Pot Roasts, 8 tips to Braise beef
Pot Roast, how to braise
There is nothing quite like a good tasting pot roast. It can be considered a comfort food to many. With potatoes, onions and carrots, and the most good meat who could resist? Here is a little bit of information and tips about the braising beef. Braising is the combination of cooking with a dry heat, and then with a moist heat. It is often used for the tougher cuts of meat, as they can benefit from any extra tenderness. Below are 8 tips that if followed leave you with a braised roast beef. An alternative that many people love for the moist heat part of braising, is the beloved crock pot also known as a slow cooker. I have used the crock pot many times, with great results.
1. Things you will need, besides your ingredients include a heavy oven proof pan or casserole dish. It should have a 4-5 quart capacity at least, and you want a lid that fits well. Later, you need some type of platter to serve it on.
2. One technique for braising your beef While I am not sharing recipes in this hub, you will get the basic idea about what it means to braise your beef. The result will be a wonderful pot roast, as you add in your own special touches and ingredients and favorite herbs and spices. I am picturing a long day, when there is stormy weather, and walking into the house to smell this cooking. It just hits the spot in its own way!
3. Choose your beef Many choose an "eye round" as it is often suggested for pot roasts. Others like the "bottom round" as it is often more tender. Whatever you choose, you can use the techniques below.
4. Choose your stock This is the liquid part of the recipe that helps your meat to be braised. Some use even plain water, but you can also use a great stock. There are many recipes for good stocks out there, some of my favorites are at food network.
5. Browning or Searing This is a key part of having a good looking piece of meat when it comes time to serve it. Season your roast with your favorite seasonings, on all sides. Pat it in there real good. Whatever your cooking pot or casserole, put a little bit of oil in the bottom. Canola or vegetable are good ones. Let the oil get hot on high heat, and put in your roast on one of its sides and let it brown nicely. It is good to try to sear it, for about 3 minutes, and it gives it a good color. Continue browning on each side until you have browned every side of the beef. Pour off excess oil when done. Part of the goal here, is to give your meat a really nice crust on all sides. This "crust" that you see left in the pan, is full of flavor that adds a lot to the whole dish.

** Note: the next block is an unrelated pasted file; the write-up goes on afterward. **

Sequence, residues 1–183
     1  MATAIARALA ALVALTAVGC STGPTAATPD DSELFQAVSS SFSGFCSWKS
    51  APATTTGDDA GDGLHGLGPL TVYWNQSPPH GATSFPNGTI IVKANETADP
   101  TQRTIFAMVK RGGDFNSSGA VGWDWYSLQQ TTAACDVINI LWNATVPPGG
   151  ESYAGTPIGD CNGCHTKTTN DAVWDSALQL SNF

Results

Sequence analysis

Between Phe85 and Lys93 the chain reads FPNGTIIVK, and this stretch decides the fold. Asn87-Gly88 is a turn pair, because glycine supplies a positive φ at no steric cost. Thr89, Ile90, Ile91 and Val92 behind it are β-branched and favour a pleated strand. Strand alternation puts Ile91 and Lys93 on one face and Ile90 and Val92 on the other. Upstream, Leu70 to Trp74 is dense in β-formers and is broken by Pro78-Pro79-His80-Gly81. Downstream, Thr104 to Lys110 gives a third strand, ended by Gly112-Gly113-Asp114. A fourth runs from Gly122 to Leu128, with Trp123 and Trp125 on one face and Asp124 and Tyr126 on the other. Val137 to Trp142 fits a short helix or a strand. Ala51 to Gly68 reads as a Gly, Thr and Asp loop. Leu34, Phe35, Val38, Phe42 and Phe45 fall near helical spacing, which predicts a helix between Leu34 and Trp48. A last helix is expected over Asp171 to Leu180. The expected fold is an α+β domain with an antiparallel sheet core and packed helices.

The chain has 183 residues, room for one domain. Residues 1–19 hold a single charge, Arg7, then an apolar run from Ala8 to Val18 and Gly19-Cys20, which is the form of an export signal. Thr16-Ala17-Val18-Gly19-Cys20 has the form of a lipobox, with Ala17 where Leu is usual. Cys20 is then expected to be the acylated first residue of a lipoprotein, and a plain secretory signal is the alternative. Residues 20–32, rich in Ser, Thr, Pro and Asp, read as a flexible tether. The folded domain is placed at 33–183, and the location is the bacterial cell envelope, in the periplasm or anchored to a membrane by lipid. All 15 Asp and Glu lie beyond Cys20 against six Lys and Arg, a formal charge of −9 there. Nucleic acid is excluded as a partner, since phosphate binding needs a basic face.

6. Cooking your roast Here comes the moist heat part of your braising method. Your liquid in the dish or pan at this point, will vary with whatever recipe you are choosing to use. You will want to bring that liquid to a boil , cover your meat, and set into the oven for 3-4 hours or until your meat is to the desired tenderness. If you are using any vegetables they are purposely being left out for the time being.
7. Make any final touches You can add any of your quicker cooking vegetables now, and let them warm in the liquid around the roast. Also, some like to make a sauce from the liquid left, and if you do, now is the time. You will usually know when you taste it if your sauce needs additional flavorings, or thickening. Let your meat sit as well, and rest some so the juices don't just pour out and escape the meat.
8. Serving I like approximately 1/4 inch slices for my pot roast. But slice however you like, and lay the slices in a warmed platter, along with the roast that is uncut, if there is room. Putting the vegetables around it is a nice presentation, but often we just put the vegetables in a vegetable bowl. Have cracked black pepper and salt should people want to add some. Enjoy